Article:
01 June 2007


I am shamelessly blogging from a borrowed idea posted this morning by "Moi" (http://bitetheapple64.blogspot.com), because while I concur that wild animals must always be regarded with the respect accorded to wild things, I do not necessarily agree that anthropomorphization is a bad or even unnatural trait, to wit:

A tree whose hungry mouth is prest

Against the earth's sweet-flowing breast.
– Joyce Kilmer

and from Mirriam Webster:

Main Entry: an·thro·po·mor·phize

ingtransitive verb : to attribute human form or personality to

intransitive verb : to attribute human form or personality to things not human - an·thro·po·mor·phi·za·tion mor-f&-'zA-sh&n/ noun

and Wikipedia ( see also Anthropomorphize)

Anthropomorphism is the attribution of uniquely human characteristics and qualities to nonhuman beings, inanimate objects, or natural or supernatural phenomena. Animals forces of nature and unseen or unknown sources of chance are frequent subjects of anthropomorphosis. The term is derived from two Greek words, ἄνθρωπος (anthrōpos), meaning human, and μορφή (morphē), meaning shape or form. The suffix '-ism' originates from the morpheme-ισμός or -ισμα in the Greek language.
It is a common and seemingly natural tendency for humans to perceive inanimate objects as having human characteristics, one which some suggest provides a window into the way in which humans perceive themselves. Common examples of this tendency include naming cars or begging machines to work. In 1953, the U.S.government began assigning hurricanes names; initially the names were feminine, and shortly thereafter masculine names were introduced.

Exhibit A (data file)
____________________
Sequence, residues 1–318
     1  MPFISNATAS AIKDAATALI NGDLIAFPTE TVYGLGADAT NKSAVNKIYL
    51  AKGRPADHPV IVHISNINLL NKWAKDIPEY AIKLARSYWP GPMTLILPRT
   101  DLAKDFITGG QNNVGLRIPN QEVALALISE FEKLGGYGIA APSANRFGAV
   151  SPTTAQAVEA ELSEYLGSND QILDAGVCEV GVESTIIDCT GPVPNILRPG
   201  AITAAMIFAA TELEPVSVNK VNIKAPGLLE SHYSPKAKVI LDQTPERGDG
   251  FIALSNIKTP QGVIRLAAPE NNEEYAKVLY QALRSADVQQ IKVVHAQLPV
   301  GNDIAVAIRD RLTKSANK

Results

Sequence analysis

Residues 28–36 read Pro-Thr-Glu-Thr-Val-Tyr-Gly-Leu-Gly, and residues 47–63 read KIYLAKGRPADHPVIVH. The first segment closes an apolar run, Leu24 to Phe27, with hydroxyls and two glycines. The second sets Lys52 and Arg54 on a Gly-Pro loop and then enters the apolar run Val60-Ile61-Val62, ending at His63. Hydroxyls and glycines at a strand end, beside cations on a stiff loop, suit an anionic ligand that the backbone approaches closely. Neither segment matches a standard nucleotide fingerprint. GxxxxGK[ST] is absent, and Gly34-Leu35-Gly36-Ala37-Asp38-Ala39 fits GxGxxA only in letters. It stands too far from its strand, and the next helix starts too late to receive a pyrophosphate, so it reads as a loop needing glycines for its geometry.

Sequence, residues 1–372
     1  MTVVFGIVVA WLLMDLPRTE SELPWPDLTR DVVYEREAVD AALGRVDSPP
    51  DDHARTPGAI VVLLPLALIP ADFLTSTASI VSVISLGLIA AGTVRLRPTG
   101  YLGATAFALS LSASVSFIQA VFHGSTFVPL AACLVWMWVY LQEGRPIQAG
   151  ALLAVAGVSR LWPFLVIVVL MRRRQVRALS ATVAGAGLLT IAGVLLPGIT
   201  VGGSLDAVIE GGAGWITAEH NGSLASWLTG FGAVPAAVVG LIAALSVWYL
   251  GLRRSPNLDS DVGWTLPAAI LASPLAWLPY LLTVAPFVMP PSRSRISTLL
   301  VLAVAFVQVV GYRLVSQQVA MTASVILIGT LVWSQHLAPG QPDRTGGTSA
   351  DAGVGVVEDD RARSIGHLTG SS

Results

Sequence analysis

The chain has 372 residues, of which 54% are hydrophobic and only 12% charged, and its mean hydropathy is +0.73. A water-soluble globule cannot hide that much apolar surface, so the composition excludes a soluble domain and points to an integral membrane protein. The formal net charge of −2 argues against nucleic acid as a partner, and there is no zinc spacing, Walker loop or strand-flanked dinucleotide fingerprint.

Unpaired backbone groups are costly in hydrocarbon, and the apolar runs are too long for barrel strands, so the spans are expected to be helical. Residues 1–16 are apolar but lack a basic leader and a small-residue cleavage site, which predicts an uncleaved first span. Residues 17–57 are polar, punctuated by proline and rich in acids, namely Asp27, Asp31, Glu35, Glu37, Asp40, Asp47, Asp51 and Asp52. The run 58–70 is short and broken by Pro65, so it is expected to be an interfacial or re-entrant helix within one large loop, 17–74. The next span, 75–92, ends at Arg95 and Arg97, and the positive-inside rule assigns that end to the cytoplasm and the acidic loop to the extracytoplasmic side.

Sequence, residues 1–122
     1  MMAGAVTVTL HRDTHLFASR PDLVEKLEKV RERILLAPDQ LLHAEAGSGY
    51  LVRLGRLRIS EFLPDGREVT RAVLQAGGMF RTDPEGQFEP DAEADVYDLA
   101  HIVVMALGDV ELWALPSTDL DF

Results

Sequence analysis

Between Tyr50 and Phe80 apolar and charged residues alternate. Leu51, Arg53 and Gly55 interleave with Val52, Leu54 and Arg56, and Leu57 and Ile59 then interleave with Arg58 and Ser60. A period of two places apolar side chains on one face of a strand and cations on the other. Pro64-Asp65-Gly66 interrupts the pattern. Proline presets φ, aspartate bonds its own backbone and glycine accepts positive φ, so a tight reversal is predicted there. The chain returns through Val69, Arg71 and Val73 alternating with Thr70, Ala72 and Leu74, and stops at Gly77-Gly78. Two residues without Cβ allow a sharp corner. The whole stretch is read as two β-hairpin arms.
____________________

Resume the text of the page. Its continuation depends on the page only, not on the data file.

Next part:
"... the attribution of uniquely human characteristics and qualities to nonhuman beings..." seems like a rather natural human quality. It also seems to be an excellent way of adapting and communicating with our environment. Without having experience as a rock, tree, hurricane or wild animal; I can only interact with the skills with which I have been endowed. I can observe, handle and touch, smell and taste;as well as be aware of my own physical/emotional/spiritual reaction to my environment.

My world consists of a quiet and peaceful space surrounded by natural beauty and inhabited by me and my two canine companions. Being of sound mind and body, with better than average observational skills; I am fully cognizant that my two companions are... four-legged animals.

They have different tastes in food, entirely different hygiene behaviors, decidedly limited communication skills, and a far more even- temperament. Clearly: they are not human beings. And yet, I do receive more than my share of warmth, affection, playfulness and protection.

They are clearly--to my way of thinking-- aware of my radically changing moods/behavior and while I don't think they understand them, necessarily, they have adapted their behavior to me.

I have no interest or tolerance for dressing animals in costumes or providing birthday parties-- but, I will do everything in my power to provide for them and protect them. And yes, love them to pieces-maybe a little more *conditionally*than they love me.

And one further word of enlightenment;"Don't anthropomorphize computers: they hate that".

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